Millennials and Gen Z aren’t worried about financial fraud, but they should be
Despite broadcasting their lives on social media, younger generations aren’t particularly worried about falling victim to financial scams, according to a new Bank of America study.
The Better Money Habits survey of 1,000 people found that only 15% of Gen Z and 20% of Millennials are worried about losing money through scams.
By comparison, 27% of Gen X and 27% of Baby Boomers think they’re exposed to financial fraud.
Younger generations “feel more connected in the flow of financials,” said Jennifer Ehresman, head of client protection at Bank of America. They have access to financial apps that let them track and manage transactions in real-time, she said.
While younger Americans are better equipped to identify fraud as it happens, this isn’t a substitute for better security.
For starters, cybersecurity experts say smartphones have made it easier for scammers to launch phishing attacks.
These pesky messages trick users into revealing sensitive information such as usernames, passwords, credit card numbers, and bank account information. The victim might not realize their information is stolen for several hours, days, or even longer.
In addition to phishing scams, Americans have also experienced a sharp uptick in personal data breaches and non-payment/non-delivery scams, especially during the holidays.
According to the FBI, Americans lost a whopping $10.3 billion through scams in 2022. But experts say the problem is much worse than what’s reported. As it turns out, the biggest attack vector is social media—where the vast majority of incidents go unreported.
Social media: The biggest threat
The U.S. Federal Trade Commission (FTC) calls social media “a golden goose for scammers.” The government agency reports that Americans have lost $2.7 billion through social media scams since 2021, “far higher than any other method of contact.”
As anyone who’s used Instagram knows, social media gives fraudsters a unique advantage in targeting victims.
“They can easily manufacture a fake persona, or hack into your profile, pretend to be you, and con your friends,” wrote FTC senior data researcher Emma Fletcher.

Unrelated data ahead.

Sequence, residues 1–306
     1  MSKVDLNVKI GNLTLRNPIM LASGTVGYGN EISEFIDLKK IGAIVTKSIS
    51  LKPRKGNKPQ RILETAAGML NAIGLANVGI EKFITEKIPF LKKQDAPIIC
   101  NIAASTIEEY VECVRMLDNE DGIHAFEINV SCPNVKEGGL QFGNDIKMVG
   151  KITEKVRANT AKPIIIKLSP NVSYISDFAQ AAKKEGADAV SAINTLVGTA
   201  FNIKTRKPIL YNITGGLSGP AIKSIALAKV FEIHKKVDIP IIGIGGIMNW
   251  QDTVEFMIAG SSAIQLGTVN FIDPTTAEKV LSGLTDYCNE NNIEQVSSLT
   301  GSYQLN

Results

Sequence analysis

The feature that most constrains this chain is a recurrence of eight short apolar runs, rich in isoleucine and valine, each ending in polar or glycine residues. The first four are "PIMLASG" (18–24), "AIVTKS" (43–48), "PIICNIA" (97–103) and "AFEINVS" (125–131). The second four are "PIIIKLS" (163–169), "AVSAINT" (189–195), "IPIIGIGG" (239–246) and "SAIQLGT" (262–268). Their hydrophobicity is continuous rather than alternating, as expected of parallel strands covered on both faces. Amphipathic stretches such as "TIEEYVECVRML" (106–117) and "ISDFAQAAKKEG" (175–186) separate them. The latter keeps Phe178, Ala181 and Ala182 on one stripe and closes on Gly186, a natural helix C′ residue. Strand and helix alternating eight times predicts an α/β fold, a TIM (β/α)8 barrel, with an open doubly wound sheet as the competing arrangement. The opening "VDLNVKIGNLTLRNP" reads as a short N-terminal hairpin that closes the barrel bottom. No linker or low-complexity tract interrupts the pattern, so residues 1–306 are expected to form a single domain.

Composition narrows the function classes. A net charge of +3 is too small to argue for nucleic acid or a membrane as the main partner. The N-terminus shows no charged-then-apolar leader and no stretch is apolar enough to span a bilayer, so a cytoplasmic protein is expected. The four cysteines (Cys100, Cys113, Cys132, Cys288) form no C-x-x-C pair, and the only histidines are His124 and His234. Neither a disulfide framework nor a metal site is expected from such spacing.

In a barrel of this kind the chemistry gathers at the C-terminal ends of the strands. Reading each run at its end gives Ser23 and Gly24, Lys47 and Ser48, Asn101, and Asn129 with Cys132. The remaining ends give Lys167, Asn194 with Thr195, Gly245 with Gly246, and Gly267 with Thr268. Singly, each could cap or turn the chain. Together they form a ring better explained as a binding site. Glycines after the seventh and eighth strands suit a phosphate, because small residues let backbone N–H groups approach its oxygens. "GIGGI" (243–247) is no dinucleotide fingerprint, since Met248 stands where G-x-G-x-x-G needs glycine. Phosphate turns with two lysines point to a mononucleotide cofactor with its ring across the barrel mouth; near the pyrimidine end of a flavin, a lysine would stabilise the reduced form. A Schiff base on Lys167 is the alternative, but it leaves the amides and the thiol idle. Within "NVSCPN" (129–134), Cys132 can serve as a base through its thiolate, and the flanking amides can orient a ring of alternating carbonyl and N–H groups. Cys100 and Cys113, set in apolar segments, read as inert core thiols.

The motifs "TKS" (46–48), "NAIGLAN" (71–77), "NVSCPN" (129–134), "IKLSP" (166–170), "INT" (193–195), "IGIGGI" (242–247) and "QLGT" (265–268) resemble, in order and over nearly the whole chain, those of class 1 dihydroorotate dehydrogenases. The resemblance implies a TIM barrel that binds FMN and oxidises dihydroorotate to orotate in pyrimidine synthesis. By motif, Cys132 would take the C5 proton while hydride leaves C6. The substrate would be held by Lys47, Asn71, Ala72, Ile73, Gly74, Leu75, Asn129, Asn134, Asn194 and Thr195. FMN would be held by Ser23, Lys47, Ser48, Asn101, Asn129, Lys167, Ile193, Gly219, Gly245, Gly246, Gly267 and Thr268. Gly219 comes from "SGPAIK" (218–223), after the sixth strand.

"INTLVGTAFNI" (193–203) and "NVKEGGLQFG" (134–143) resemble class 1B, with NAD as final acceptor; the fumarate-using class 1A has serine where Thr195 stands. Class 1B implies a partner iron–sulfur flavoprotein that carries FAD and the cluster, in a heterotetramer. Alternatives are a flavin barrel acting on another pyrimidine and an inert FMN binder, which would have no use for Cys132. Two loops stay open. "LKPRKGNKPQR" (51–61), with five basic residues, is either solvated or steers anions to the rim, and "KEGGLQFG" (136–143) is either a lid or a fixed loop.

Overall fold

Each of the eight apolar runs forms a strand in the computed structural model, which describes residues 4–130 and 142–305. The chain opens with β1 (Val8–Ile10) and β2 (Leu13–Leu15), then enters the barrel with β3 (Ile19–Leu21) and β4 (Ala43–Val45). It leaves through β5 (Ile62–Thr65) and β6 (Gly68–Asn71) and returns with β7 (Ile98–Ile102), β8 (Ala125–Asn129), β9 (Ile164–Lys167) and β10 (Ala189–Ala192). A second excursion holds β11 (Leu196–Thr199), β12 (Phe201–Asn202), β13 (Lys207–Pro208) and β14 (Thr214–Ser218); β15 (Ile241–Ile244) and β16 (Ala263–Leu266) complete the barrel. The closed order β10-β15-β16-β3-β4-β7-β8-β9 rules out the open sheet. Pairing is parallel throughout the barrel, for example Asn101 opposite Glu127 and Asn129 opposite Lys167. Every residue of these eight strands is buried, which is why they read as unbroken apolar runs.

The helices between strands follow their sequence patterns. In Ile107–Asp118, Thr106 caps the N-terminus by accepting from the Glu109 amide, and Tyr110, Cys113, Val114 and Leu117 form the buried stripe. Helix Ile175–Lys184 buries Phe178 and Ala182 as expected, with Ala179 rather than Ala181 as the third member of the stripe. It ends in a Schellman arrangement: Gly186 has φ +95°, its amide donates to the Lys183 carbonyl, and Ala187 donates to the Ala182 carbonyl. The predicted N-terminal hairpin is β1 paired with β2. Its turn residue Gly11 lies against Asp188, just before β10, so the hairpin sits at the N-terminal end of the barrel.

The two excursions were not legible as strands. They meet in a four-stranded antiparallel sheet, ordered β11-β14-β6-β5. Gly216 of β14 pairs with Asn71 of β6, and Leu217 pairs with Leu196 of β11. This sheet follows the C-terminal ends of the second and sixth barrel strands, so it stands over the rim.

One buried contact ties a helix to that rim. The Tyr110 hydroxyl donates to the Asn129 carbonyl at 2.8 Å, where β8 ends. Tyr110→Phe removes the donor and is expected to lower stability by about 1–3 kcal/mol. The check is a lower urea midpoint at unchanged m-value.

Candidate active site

“They can learn to tailor their approach from what you share on social media. And scammers who place ads can even use tools available to advertisers to methodically target you based on personal details, such as your age, interests, or past purchases,” she said.
Younger generations—and Gen Z, in particular—are especially vulnerable to these attacks. According to Morning Consult, a digital intelligence platform, 76% of Gen Zers use Instagram, 68% are on TikTok, and 67% have a Snapchat account.
Per FTC data, 38% of the fraud experienced by people ages 20 to 29 was through social media. This figure is a staggering 47% for 18 and 19-year-olds.
Less wealth, less concern?
Researchers say younger Americans may be complacent about fraud because they have smaller bank balances than their parents, so they don’t think they’re a target. But that couldn’t be further from the truth.
A 2023 Gallup study found that low-income adults are most likely to fall victim to fraud. Households earning less than $50,000 a year are twice as likely as middle-income and upper-income adults to be scammed.
A pre-pandemic study by Experian also found that low-income families and those “struggling financially” are becoming top targets for fraud.
Meanwhile, a 2019 study by FINRA said people with lower financial literacy are prime targets for scammers. According to the Bank of America study, younger adults may be in this category because “they are still navigating financial literally and still understanding the pitfalls” of fraud.